The Need For Hybrid Agile: An Ambidextrous Organization
It is clear that the adaptability nature of agile practices has changed the face of project management today. The adoption of agile systems development has been increasing lately in the industry due to reported benefits from increased productivity, learning, and business satisfaction, and due to the need for flexibility and innovation in responding to change (Fernandez and Fernandez 2008). However, some adopters have posited that agile might not be adequate for all types of projects and should only be applied to those where it would add value, which means that other traditional non-agile methodologies are still in need for coexistence. This creates the necessity to properly match the project management approach to the project in hand to achieve success (Fernandez and Fernandez 2008).
In addition, contrary to agile purists’ beliefs, applying agile does not mean following roughly all its principles. Organizations transitioning to agile should gradually incorporate the principles that best fit with their cultural needs and commitments. This has introduced the concept of what we call today “hybrid agile”, which is an adaptive approach that mingles agile with other methods tailored to the situational and business needs. Based on statistics from 2011 Agile ALM and Testing Survey, 28 percent of 450 software professionals said they use a hybrid approach. Another study conducted by Analysis.net and VersionOne has shown that out of 4770 respondents from 91 countries, 35 percent mix Agile with Waterfall and 39 percent mix Agile with Scrum (Gale 2012).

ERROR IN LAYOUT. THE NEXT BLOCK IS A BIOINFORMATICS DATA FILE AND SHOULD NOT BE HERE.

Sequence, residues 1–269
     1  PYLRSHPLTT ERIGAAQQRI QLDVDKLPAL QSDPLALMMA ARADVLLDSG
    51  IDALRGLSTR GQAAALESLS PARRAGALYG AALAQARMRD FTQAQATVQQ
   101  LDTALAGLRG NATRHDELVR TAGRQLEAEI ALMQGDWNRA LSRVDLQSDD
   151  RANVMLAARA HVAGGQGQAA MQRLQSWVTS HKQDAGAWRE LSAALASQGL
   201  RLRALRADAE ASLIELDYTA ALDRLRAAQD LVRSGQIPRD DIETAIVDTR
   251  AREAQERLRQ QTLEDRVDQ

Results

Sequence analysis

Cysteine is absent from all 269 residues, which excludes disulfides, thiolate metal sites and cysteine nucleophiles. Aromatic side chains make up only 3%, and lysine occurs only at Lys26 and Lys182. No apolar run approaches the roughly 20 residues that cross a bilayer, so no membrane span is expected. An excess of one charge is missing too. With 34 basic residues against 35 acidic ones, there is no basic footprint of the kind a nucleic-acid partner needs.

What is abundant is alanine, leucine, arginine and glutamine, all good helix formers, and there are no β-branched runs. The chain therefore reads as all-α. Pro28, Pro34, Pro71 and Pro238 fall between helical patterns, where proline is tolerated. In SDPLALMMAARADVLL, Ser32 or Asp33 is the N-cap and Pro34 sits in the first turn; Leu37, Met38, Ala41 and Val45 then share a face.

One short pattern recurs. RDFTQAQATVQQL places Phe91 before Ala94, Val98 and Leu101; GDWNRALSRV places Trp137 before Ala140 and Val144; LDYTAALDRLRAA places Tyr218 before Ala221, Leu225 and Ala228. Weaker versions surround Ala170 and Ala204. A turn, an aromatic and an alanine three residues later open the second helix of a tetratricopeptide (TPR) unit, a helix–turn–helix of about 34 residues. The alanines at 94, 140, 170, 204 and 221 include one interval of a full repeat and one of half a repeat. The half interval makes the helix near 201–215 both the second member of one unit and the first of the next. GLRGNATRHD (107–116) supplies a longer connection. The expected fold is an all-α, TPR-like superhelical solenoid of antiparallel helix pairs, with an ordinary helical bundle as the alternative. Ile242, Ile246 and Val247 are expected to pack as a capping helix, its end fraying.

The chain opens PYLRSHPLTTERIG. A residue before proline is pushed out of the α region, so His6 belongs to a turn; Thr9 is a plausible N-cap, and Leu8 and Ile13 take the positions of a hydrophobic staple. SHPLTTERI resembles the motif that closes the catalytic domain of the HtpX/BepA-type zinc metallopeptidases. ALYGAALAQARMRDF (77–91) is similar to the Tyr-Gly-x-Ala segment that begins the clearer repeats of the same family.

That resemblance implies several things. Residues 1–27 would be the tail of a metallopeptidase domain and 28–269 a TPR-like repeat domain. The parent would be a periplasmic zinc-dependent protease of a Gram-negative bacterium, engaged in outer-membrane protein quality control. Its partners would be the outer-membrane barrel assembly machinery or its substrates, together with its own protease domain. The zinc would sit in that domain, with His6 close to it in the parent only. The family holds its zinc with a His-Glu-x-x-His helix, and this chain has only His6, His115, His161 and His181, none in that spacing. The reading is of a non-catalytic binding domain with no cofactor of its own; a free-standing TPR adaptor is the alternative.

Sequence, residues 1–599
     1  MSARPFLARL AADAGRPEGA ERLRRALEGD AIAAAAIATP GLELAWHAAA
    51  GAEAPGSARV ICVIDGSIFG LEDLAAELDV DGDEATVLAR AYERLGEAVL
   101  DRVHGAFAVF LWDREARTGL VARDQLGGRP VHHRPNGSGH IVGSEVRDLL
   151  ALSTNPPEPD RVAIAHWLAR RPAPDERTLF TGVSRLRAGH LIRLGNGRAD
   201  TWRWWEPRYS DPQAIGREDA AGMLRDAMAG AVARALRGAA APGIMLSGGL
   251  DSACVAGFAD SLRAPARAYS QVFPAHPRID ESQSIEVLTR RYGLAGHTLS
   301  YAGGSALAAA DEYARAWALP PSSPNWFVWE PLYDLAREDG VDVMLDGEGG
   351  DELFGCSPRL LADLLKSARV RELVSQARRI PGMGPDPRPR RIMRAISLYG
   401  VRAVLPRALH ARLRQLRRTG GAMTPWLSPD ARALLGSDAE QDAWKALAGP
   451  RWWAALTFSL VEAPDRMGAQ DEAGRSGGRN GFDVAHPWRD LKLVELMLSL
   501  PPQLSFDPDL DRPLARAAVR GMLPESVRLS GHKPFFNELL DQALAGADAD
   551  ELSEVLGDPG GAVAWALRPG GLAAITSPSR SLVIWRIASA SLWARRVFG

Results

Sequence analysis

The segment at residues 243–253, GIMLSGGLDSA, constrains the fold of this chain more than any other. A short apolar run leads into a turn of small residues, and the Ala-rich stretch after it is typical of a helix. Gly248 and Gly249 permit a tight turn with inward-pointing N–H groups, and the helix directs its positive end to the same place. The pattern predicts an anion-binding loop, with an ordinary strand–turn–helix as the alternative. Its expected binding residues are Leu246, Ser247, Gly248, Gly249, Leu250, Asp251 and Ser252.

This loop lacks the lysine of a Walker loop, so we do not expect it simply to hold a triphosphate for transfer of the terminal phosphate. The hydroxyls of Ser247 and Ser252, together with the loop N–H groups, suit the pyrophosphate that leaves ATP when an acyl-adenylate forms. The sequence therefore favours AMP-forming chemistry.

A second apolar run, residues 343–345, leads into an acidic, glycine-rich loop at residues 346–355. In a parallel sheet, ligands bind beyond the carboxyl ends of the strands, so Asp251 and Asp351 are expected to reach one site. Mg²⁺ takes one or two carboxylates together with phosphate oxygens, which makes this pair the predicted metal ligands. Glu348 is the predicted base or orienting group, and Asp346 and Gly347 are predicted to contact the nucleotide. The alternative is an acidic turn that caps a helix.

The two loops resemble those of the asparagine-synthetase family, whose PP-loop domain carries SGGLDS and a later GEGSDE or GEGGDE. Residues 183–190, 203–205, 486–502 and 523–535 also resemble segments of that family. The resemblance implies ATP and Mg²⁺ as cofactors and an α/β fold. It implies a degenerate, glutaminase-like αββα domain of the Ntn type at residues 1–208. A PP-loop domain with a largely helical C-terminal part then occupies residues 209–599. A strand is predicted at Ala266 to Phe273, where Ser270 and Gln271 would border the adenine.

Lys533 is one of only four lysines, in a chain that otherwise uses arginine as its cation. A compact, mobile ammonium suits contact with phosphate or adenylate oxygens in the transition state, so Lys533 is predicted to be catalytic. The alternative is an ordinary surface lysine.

The pragmatic need for realizing the stability-adaptability duality balance and for gradually improving for a better agile environment posits challenges on the organization to adjust its people, culture, management, and process to be capable of executing projects using agile and/or non-agile methodologies. Since preparing an organizational culture to accept and implement agile practices might take several years, organizations need to manipulate their structures in a way to gain the welfares of the heterogeneous cultures resulting from the application of agile and non-agile methodologies (Vinekar, Slinkman et al. 2006).
Vinekar and Slinkman (2006) have proposed an ambidextrous organizational form that helps in surmounting these challenges. This organization has two types of subunits, an agile subunit and a traditional subunit. Each subunit, which addresses agile or traditional methodologies based on its type, is separated from the other, but is integrated together through the strategic goals and objectives. The ambidextrous organization opts for the subunit that is most aligned with the client’s cultural characteristics, which for instance define the ability in prioritizing features, providing feedback, specifying requirements upfront, and collaborating actively and tacitly. So if the client favors formal and detailed specifications upfront with the least feedback possible throughout the course of the project, than the traditional subunit would be a noble choice.